Political MoJo

Pakistani Taliban Kills At Least 145 People—Including More Than 100 Kids—in Savage School Massacre

| Tue Dec. 16, 2014 11:43 AM EST

The Pakistani Taliban is claiming responsibility for a deadly attack inside a military-run school in Peshawar, in northwestern Pakistan, on Tuesday, that has left as many as 145 dead, more than 100 of them students. The BBC has described the attack as the deadliest massacre ever carried out by the Taliban in Pakistan.

Gunmen entered Army Public School and Degree College by scaling the walls of the campus' main building. The attackers held students hostage for more than eight hours, as they moved systematically from classroom to classroom firing at children. Reuters quoted a local hospital as saying that the dead and injured were aged between 10 and 20 years old.

Six gunmen were reportedly killed in the gunfire. A spokesperson for the  terrorist group says the massacre was a retaliation against earlier Pakistani military activities against militants in North Waziristan.

"We selected the army's school for the attack because the government is targeting our families and females," Taliban spokesman Muhammad Umar Khorasani said, according to Reuters. "We want them to feel the pain." 

Prime Minister Nawaz Sharif, who has traveled to Peshawar, has called for three days of national mourning.

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Will Private Prisons Finally Be Subject to the Freedom of Information Act?

| Tue Dec. 16, 2014 7:45 AM EST

Anyone can use the federal Freedom of Information Act to request records about prisons owned and operated by the government. Information about prisoner demographics, violent incidents, and prison budgets are all obtainable. But privately run facilities—even those that hold federal prisoners—are exempt from the law. Last week, Rep. Sheila Jackson Lee (D-Texas) introduced legislation to change that. On December 10, she introduced a new bill, the Private Prison Information Act. If passed, it would force any nonfederal prison holding federal prisoners to comply with the Freedom of Information Act.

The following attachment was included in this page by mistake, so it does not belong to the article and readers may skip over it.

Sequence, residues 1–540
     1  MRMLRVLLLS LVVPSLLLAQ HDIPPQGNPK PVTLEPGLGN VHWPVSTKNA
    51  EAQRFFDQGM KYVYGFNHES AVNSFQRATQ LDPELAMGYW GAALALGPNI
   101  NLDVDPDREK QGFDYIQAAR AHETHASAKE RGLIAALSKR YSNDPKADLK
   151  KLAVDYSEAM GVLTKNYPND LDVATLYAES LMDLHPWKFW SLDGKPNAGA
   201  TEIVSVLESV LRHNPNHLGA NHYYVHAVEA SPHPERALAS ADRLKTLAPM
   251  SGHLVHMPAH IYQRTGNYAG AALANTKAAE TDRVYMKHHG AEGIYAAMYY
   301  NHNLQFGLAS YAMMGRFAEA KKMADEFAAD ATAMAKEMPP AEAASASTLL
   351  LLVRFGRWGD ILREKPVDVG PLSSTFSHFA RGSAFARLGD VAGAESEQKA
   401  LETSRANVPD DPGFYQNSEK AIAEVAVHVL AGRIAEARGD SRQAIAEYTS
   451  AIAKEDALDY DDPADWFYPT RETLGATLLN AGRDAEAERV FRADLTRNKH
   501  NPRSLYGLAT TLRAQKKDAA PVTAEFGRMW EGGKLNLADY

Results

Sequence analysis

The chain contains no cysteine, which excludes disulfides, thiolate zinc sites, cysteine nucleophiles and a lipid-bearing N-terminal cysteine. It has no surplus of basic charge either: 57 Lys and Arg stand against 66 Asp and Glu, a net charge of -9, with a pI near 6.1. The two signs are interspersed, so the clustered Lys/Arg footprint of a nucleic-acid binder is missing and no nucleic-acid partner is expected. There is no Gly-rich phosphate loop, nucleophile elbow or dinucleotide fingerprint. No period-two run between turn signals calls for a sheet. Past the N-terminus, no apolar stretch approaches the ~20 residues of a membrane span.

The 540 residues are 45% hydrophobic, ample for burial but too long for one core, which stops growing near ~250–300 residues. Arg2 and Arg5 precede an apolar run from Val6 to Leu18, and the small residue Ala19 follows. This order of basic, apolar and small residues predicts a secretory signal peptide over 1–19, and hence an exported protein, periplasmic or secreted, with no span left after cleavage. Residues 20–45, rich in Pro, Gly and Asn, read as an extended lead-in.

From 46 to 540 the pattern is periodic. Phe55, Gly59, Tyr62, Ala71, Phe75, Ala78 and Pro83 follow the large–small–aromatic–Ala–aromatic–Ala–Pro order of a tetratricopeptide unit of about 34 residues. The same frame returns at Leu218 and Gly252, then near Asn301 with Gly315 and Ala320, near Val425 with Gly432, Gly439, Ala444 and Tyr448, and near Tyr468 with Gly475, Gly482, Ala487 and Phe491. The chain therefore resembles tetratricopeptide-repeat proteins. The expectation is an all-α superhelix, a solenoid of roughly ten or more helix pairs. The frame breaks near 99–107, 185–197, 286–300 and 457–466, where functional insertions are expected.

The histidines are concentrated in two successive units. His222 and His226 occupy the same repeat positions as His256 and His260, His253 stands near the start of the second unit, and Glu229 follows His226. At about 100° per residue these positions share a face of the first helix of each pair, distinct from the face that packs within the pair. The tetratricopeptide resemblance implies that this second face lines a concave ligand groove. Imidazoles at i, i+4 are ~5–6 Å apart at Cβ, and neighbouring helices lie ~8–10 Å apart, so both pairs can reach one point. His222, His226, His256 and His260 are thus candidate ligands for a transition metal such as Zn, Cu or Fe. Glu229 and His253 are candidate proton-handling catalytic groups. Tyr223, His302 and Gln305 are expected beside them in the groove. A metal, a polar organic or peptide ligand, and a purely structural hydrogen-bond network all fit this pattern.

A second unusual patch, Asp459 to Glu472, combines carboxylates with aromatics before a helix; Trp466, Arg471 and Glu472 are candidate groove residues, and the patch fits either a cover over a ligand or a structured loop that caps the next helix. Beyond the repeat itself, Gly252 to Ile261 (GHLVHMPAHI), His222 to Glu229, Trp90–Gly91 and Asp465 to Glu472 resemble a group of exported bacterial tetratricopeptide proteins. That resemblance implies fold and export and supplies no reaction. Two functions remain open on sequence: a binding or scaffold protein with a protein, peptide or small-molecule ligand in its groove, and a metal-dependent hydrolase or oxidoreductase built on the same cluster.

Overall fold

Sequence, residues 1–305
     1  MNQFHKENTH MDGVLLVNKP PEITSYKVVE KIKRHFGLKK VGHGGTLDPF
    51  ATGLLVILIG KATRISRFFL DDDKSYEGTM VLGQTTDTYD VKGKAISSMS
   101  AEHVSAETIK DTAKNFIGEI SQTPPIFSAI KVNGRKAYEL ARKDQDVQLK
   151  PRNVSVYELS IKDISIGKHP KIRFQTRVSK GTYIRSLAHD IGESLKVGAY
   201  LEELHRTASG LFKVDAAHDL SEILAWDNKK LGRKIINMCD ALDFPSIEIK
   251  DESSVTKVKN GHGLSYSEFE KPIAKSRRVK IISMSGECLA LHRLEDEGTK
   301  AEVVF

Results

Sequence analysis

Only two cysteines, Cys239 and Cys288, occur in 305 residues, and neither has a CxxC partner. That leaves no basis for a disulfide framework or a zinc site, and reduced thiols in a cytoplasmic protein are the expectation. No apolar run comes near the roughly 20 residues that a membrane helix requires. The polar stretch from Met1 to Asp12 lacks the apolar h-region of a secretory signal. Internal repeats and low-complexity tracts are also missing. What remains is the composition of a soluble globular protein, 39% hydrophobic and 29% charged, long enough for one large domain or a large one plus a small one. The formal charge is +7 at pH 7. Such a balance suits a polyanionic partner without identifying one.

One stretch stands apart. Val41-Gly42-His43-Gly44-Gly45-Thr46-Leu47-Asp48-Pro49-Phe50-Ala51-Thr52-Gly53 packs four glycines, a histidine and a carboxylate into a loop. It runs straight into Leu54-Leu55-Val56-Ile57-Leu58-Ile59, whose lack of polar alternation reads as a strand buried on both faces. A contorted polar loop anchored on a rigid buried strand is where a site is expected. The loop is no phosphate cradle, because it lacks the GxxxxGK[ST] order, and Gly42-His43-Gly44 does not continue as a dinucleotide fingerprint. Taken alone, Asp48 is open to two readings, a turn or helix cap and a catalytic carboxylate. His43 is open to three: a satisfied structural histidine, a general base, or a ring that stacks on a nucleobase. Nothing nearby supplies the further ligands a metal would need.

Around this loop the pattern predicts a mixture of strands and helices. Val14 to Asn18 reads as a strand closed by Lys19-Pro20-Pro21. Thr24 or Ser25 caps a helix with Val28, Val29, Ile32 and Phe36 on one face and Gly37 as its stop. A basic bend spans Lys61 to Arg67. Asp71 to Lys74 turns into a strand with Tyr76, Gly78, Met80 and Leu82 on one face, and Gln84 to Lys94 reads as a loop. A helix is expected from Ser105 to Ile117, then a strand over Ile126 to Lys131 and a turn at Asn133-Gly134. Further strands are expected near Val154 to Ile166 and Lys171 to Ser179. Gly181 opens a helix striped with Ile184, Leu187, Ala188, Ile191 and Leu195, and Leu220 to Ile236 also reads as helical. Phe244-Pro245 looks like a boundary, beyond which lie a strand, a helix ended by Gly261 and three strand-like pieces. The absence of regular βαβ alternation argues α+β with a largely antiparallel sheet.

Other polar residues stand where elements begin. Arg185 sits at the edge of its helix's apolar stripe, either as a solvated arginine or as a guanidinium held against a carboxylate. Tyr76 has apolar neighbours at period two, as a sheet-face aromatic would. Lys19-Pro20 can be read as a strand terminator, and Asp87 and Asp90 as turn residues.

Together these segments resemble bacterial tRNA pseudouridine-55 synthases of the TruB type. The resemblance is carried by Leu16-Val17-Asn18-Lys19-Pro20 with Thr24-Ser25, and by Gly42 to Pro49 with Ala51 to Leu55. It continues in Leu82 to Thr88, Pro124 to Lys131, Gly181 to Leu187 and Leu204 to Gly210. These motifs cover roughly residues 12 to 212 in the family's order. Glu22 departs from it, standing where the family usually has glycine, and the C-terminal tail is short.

In 2013, 41,200 federal convicts—19 percent of the entire federal prison population—were housed in private facilities. That year, Corrections Corporation of America, the largest prison contractor in the United States, collected more than $584 million from the federal government.

Passing Lee's bill will be difficult, if not impossible. From 2005 to 2012, Democrats (including Lee) introduced five separate bills that aimed to apply FOIA to private prisons. All of them failed. With the GOP—which has been generally friendly to the prison industry—controlling both houses of Congress beginning next year, the new bill will likely meet a similar end.

Meanwhile, increasing numbers of prisoners are locked up in facilities that are legally immune to open-records requests. From 2000 to 2009, the number of people locked up in private facilities at every level of the justice system increased 37 percent, to 129,336, according to the Department of Justice. By the end of 2013, 133,000 inmates—about 8 percent of the entire US prison population—were housed in private prisons. The figure is on par with the entire California prison population at that time.

The Federal War on Medical Marijuana Is Over

| Tue Dec. 16, 2014 7:00 AM EST
Steven D'Angelo's Harborside Health Center in Oakland, California, was a target of the federal government.

Good news for medical pot smokers: The $1.1 trillion federal spending bill approved by the Senate on Saturday has effectively ended the longstanding federal war on medical marijuana. An amendment to the bill blocks the Department of Justice from spending money to prosecute medical marijuana dispensaries or patients that abide by state laws.

"Patients will have access to the care legal in their state without fear of federal prosecution," Rep. Sam Farr (D-Calif.), a supporter of the rider known as the Hinchey-Rohrbacher amendment, said in a statement. "And our federal dollars will be spent more wisely on fighting actual crimes and not wasted going after patients."

The DOJ's earlier pledge not to interfere with state pot laws left it plenty of wiggle room.

The Department of Justice last year pledged not to interfere with the implementation of state pot laws, but the agency's truce left it with plenty of room to change its mind. Earlier this year, for instance, the DOJ accused the Kettle Falls Five, a family in Washington State, of growing 68 marijuana plants on their farm in Eastern Washington, where pot is legal. Members of the family face up to 10 years in jail—or at least, they did; the amendment may now stop their prosecution.

More broadly, the change provides some added peace of mind for pot patients in California, where the DOJ's pledge appeared not to apply. The Golden State's 1996 medical pot law, the first in the nation, has long been criticized by the DOJ as too permissive and decentralized.

Medical marijuana activists hailed the amendment's passage as a landmark moment for patients' rights. "By approving this measure, Congress is siding with the vast majority of Americans who are calling for change in how we enforce our federal marijuana laws," said Mike Liszewski, Government Affairs Director for Americans for Safe Access.